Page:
RESTAURANTS could be forced to show how many calories are in meals as part of Scottish Government plans to encourage people to eat more healthily.

Calorie labelling on restaurant and takeaway menus could become mandatory under the measures being proposed by Scottish ministers who argue it could help tackle obesity.

Children’s menus could also have to abide by a “code of practice” to ensure healthy food options are available when families eat out.

Scotland’s public health minister, Maree Todd (below), said the measures, part of a strategy called the Out of Home Action Plan, aim to “reduce health inequalities and support people to live longer healthier lives”.

Foods served in restaurants may have to have their calories labelled, under proposals from the Scottish Government

Launching a public consultation on the proposals, Todd said: “Obesity continues to be one of the biggest and most complex public health challenges.

“Addressing it remains a priority to create a Scotland where we eat well, have as healthy a weight as we can, and are more physically active.

“We know that by giving people more information, such as the number of calories in meals, empowers people to make healthier decisions when eating out, or ordering in.

“This plan proposes bold measures on how we can work with the food industry to create sustainable change to reduce harm to people’s health caused by poor diet and excess weight.

“It remains an unwelcome reality that communities experience health, quality of life and even life expectancy differently across our society and the current health emergency has further highlighted the damaging impact of inequality.”

Foods served in restaurants may have to have their calories labelled, under proposals from the Scottish Government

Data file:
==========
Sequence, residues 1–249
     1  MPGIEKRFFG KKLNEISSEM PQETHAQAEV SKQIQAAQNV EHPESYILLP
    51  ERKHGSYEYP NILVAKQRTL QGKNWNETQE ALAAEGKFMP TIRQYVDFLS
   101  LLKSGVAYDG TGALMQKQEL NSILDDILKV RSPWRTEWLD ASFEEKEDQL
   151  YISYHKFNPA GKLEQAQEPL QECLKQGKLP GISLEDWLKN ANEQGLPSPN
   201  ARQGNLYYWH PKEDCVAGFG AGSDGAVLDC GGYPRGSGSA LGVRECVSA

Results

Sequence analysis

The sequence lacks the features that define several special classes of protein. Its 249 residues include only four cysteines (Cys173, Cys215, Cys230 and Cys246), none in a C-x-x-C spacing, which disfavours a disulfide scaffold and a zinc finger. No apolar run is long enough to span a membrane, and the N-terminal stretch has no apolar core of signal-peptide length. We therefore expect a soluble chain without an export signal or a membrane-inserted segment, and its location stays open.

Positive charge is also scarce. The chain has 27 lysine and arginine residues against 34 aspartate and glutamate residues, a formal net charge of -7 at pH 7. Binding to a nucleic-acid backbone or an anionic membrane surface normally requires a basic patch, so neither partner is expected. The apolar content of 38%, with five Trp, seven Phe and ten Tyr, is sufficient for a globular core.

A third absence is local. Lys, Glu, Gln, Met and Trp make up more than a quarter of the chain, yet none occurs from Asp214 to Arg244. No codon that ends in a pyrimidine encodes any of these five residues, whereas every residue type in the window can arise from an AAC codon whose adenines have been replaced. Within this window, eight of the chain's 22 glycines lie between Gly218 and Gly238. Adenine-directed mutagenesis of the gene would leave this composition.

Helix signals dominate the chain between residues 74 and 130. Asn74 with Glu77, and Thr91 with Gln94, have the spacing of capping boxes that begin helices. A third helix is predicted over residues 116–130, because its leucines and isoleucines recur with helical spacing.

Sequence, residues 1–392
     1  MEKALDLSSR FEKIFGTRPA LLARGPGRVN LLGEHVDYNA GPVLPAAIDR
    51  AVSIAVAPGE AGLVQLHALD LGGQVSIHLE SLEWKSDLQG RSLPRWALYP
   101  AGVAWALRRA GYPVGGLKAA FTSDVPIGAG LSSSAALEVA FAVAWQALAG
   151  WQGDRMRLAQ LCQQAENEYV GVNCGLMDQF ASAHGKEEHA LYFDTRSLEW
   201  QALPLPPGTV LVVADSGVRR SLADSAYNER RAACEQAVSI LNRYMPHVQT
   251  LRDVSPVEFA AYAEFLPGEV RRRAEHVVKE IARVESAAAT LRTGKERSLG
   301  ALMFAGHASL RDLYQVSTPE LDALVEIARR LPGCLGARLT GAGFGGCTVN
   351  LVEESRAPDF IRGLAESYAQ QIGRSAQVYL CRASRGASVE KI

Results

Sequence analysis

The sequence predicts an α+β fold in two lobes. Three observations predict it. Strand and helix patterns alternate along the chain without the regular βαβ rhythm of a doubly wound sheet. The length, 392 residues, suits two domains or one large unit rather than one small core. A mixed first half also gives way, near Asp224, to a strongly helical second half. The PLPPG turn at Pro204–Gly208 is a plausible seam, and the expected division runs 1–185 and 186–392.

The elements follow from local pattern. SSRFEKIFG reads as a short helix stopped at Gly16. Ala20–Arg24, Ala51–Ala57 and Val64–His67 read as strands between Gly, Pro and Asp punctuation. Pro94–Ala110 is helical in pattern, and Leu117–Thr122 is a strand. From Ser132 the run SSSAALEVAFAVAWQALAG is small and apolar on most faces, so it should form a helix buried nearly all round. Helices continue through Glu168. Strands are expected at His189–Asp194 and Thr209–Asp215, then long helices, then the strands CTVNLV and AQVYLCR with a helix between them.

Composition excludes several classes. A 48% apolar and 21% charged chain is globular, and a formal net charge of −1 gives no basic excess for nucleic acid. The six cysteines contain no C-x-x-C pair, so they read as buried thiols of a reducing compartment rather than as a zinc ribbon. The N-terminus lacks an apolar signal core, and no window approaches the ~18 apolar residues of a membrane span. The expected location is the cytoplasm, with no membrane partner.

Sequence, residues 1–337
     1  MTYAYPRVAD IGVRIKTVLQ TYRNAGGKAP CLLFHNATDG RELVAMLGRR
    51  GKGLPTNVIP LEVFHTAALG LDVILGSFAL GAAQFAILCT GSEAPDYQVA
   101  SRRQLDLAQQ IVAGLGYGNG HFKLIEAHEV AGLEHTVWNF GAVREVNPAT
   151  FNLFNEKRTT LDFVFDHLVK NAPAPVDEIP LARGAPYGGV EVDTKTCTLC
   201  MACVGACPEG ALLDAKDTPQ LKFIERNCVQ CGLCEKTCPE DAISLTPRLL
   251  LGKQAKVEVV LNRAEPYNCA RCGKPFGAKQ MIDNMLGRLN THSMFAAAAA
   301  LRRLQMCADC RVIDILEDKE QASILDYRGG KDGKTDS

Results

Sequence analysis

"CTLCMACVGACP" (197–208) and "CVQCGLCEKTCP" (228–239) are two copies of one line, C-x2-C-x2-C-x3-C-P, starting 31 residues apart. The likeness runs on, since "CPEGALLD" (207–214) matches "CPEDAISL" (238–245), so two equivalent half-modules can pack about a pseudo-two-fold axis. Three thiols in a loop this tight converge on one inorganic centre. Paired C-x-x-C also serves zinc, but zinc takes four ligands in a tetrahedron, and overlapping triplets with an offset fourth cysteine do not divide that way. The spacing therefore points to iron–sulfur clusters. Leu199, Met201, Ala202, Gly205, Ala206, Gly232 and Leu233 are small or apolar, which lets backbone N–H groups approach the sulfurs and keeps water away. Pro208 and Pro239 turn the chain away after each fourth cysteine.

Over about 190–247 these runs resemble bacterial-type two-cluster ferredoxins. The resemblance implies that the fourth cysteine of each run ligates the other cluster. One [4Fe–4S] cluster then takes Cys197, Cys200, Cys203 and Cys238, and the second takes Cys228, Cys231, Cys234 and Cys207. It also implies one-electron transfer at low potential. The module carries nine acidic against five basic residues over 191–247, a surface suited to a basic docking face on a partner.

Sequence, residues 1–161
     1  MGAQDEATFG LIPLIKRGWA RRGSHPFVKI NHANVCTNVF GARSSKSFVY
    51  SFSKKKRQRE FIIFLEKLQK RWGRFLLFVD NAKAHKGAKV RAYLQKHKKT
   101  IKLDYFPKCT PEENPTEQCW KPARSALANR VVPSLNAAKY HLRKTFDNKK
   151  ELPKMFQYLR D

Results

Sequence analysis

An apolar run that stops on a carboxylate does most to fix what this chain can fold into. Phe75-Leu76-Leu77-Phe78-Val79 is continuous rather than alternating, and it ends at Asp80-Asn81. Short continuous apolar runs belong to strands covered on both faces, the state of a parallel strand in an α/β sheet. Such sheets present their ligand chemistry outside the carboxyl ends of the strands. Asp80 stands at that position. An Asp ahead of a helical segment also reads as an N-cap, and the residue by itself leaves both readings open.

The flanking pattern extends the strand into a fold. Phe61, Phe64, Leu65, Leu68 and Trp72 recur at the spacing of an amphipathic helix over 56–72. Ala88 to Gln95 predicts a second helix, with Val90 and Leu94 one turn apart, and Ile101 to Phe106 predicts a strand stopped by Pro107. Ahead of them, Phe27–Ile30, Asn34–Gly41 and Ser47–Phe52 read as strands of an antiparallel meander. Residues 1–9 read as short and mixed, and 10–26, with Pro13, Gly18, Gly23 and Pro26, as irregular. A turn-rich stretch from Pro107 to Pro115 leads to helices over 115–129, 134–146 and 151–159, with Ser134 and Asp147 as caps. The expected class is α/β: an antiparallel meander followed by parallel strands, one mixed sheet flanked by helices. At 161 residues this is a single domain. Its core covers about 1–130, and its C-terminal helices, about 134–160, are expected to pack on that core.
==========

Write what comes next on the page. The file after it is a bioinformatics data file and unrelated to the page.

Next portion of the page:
Food Standards Scotland chair Ross Finnie (above) said: “The pandemic has added new focus on the need to address the issues around the Scottish diet, with an estimated two-thirds of the population living with overweight or obesity and the costs to the health service of treating the long-term effect of poor diet now estimated to be over £360 million.

“Food Standards Scotland welcomes the news that Scottish Government are making commitments to progress actions with the ‘out of home’ sector which are essential steps needed to improve the food environment to one that enables healthier choices.

“While we recognise there has been a significant disruption during the pandemic, the rise in takeaway and delivery services means it is critical we work with the sector to take steps that support a healthy diet and healthy weight.”

Public Health Scotland chief executive, Angela Leitch, added: “We have a shared national ambition in Scotland to be a country where we eat well, have a healthy weight and are physically active.

“Local takeaway businesses, cafes, restaurants and others in the out-of-home sector continue to play an important role in supporting changes that will help improve our diet and, in turn, maintain a healthy weight.”